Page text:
May accuses 27 other EU countries of joining forces vs Britain


LONDON: Prime Minister Theresa May on Thursday accused the other 27 EU countries of lining up to oppose Britain over Brexit after Germany’s Angela Merkel said the UK should have no “illusions” over the exit process.

EU nation leaders have stressed a united stance as they plan to meet Saturday to set down the bloc’s “red lines”—although the talks will not begin until June, after a snap British election called by May to strengthen her negotiating hand.

Speaking to parliament ahead of the key summit, the German chancellor stressed that “a third-party state will not have the same rights or even superior rights to a member state.”

“This may sound self-evident, but I have to say this clearly because some in Britain seem to have illusions on this point,” she said. “That would be a waste of time.”

Later in the day, May accused the 27 other EU member states of joining forces against Britain.

“We can see how tough those negotiations are going to be at times,” May told a campaign rally in Leeds, northern England.

“Our opponents are already seeking to disrupt those negotiations—at the same time as 27 other European countries line up to oppose us.

“That approach can only mean one thing—uncertainty and instability, bringing grave risk to our growing economy with higher taxes, fewer jobs, more waste and more debt.”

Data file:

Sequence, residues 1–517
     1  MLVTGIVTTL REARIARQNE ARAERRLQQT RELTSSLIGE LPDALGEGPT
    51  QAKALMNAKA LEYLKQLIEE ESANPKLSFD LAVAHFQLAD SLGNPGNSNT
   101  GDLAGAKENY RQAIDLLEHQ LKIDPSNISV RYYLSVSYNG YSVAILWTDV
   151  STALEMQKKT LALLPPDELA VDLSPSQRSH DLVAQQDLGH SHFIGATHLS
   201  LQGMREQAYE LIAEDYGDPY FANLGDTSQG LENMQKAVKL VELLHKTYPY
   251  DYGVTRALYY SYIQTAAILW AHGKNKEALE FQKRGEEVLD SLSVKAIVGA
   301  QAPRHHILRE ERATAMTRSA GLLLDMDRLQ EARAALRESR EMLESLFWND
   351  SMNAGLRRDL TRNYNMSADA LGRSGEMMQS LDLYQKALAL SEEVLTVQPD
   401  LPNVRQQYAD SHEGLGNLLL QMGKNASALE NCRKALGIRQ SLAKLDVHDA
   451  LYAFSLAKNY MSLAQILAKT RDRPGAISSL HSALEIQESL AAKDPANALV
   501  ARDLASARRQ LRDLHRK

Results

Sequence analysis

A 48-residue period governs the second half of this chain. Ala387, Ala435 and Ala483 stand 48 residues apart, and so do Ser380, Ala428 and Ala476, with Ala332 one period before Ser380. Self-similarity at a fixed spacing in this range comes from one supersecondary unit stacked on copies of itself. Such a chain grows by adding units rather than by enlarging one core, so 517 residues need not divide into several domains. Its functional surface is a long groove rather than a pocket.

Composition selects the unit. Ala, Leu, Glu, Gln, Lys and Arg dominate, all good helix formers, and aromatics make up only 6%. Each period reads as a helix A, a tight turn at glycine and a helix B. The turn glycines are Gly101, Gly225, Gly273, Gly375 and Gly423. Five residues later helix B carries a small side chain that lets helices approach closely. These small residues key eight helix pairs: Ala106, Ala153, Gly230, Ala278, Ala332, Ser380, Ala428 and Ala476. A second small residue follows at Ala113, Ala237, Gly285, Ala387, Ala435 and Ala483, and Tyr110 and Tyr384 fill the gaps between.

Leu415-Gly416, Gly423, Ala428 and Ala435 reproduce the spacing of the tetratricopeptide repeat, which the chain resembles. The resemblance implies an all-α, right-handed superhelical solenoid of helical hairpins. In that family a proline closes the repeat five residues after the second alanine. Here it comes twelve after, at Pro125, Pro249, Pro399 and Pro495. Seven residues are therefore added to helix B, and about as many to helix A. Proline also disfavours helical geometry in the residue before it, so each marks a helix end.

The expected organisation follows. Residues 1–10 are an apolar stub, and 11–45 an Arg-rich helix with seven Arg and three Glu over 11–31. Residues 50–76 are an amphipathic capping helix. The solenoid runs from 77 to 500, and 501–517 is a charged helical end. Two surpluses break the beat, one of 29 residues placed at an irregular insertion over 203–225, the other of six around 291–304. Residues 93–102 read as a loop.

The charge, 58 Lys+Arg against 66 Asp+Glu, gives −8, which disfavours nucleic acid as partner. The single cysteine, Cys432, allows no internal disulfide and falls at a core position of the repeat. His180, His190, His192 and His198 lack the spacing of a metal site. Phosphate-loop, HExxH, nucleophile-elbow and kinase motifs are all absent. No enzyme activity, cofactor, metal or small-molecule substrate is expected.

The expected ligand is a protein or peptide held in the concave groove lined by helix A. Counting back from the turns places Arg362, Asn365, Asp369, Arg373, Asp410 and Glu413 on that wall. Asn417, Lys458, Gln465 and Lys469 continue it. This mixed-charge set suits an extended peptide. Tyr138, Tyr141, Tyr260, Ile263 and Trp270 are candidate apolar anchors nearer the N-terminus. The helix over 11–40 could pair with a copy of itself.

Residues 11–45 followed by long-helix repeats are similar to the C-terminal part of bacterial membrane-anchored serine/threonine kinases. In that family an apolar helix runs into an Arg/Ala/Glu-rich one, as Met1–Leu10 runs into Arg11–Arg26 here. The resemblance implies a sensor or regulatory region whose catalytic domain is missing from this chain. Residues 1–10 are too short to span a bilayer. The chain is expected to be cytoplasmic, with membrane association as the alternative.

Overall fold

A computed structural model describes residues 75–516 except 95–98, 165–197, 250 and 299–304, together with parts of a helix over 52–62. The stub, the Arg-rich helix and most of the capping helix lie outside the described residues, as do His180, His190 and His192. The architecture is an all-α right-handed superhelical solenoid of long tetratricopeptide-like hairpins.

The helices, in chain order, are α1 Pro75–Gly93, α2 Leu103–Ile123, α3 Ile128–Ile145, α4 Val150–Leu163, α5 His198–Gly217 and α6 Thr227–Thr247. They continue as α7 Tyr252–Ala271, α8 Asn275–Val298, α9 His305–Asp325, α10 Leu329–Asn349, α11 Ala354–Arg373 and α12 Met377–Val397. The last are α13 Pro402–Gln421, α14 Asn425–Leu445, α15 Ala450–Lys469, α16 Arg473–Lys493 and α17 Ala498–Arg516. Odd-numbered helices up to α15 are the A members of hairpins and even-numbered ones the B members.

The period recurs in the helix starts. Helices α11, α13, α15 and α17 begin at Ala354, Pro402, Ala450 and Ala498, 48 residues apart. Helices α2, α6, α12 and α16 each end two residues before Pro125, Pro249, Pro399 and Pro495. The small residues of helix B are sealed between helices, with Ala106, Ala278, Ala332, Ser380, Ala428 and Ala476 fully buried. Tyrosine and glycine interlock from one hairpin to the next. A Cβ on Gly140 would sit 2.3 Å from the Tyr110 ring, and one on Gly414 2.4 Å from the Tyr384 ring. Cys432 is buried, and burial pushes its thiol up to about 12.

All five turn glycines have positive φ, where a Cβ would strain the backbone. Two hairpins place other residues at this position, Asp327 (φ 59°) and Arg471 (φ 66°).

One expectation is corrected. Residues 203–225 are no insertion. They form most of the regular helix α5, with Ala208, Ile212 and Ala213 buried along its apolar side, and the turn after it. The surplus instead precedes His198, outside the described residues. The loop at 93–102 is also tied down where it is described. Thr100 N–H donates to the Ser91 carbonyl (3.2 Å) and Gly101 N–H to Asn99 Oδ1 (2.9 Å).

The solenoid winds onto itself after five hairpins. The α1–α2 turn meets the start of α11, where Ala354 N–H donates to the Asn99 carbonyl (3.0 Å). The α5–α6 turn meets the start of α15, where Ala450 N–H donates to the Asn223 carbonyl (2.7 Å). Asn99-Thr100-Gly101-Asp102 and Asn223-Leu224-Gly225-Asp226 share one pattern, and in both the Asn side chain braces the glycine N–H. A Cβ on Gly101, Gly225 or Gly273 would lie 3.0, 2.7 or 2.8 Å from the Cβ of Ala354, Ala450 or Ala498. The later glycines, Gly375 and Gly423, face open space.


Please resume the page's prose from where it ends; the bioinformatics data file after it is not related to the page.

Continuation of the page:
The British leader is hoping to shore up her mandate in the June 8 ballot ahead of two years of gruelling negotiations.

“The negotiations will be very demanding, without a doubt,” said Merkel, the leader of the biggest EU economy.

Finance question
The EU has toughened its strategy, making new demands over financial services, immigration and the bills Britain must settle before ending its 44-year-old membership of the bloc.

Britain could be required to give EU citizens permanent residency after living there for five years, in a challenge for May’s Conservative government, which has vowed to limit immigration.

The EU’s latest draft negotiating guidelines, agreed on Monday, seek to ensure Britain does not get a better deal outside the bloc than inside.

According to the document seen by AFP, the other EU countries will seek to hold Britain liable for the bloc’s costs for at least a year after it leaves in 2019—longer than was previously proposed.

Merkel said that talks from the very start must include Britain’s financial obligations, including after Brexit.

She said these issues must be resolved first in a “satisfactory” way before negotiations turn to Britain’s future relations with the bloc—a sequence Merkel called “irreversible.”

“Without progress on the many open questions regarding the exit, including the financial questions, it doesn’t make sense to hold parallel talks on the details of a future relationship,” she said.



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